We took the little gal grouse hunting today. She loaded her 20 gauge in a scabbard on her horse and she, Hank, myself and Daisy our bird dog headed up the trail. We headed up to an area where Hank and I had seen birds a couple of weeks prior when we were scouting for bears. The ride involved a little bushwhacking, but she is a star outdoors little gal, and she pushed the branches out of the way as we made our way up the hills to search for birds.
We plowed through the brush and made our way into the clearing where we had seen several grouse before. The little gal asked how we would find them. The three of us sat on our horses and made a plan. We would flush the birds on horseback. Hank would ride into the trees, I would skirt the edge of the trees, and the little gal would ride the edge of the meadow.
We followed our plan on the East side of the meadow and then around the North, over to the West, and ended up on the South where we had started. Not a single bird flushed. We let out a short sigh and continued. We then went on through the center of the meadow from the South to the North and into the thick trees again. We were searching for birds through the trees but saw nothing.
We proceeded to another meadow to the West and used a similar flushing technique to the one we had used in the first meadow. Still no luck. The little gal was getting bored since our plan was not producing anything. Her excitement was waning. It was time to take a break.
We dismounted, sat in the grass with the little gal, and ate lunch. It was quality family time in the beautiful fall sunshine. It was a time that I cherish as a mother.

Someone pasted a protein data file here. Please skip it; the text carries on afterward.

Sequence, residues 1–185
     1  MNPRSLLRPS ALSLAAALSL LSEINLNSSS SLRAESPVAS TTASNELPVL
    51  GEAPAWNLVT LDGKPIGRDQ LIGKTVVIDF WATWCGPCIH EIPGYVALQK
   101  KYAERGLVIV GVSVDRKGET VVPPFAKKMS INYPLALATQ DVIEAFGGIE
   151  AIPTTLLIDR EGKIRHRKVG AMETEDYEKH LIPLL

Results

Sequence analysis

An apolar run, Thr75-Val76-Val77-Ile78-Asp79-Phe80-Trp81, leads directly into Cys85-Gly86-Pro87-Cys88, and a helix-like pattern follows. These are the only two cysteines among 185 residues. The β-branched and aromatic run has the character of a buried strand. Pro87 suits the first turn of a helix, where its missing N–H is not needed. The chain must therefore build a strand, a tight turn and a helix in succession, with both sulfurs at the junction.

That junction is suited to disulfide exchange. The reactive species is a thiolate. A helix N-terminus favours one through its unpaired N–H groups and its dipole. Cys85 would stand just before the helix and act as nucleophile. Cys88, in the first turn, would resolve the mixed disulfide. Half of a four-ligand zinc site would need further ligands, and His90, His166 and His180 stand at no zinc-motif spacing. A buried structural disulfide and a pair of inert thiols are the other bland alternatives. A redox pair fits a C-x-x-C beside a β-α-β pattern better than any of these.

We told stories and imagined who had been in this meadow before us. We told stories of the hunters who probably sat on this little bluff watching the bulls come from the timber, and we told stories about the turkey hunts we had been on before. We teased Daisy, the bird dog because she wasn’t finding us any birds.
She didn’t seem to mind the heckling much. It was more like the attention that the poor neglected Daisy never gets. We rubbed and scratched her then we got her pumped up to go look for more birds!
We mounted our horses again and headed up the trail through the timber. Now, Daisy, the bird dog was pretty serious. She was sniffing and running shortly ahead of us. Then it was on! She pointed. We knew she had success. Hank quickly helped the little gal dismount from her horse and got her gun ready. Then Daisy was off. She scattered three birds and the little gal had her shotgun ready. She aimed and shot with great accuracy. The bird did not sputter or spin. It sank directly to the ground. The little gal stood there in amazement at her success. She was so happy and proud.
We hunted the rest of the day and then finally headed home. The little gal breasted her birds and was as happy as anyone could ever imagine learning how to cook a grouse. We have never been more proud to eat a supper that was put on the table by a proud little huntress.
Dang! She sure is a good provider!
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Mia Anstine is an outdoor writer, licensed outfitter, hunting guide, life coach, keynote speaker, and range safety officer, firearms instructor, and archery instructor. She is the founder of MAC Outdoors and Host of the MAC Outdoors Podcast.
Mia Anstine strives to encourage others to get outside, hunt, fish, shoot, and survive life with others in a positive way.
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4 Replies to “Upland Hunting – A Good Little Provider | Mia’s Motivations”
Wow, what a great story Mia!!! What a great mom you are!
She sure is! And what great examples she has in you and Hank.
Oh My!!! Brought tears & smiles, what a wonderful Provider that lil’ Gal is, can’t wait to read the next adventure…Wonderful pictures…Mia you Are the perfect Mother…
You will never be hungry, between the both of you.
Great story and nicely written. Very proud of you Lea, keep it up.
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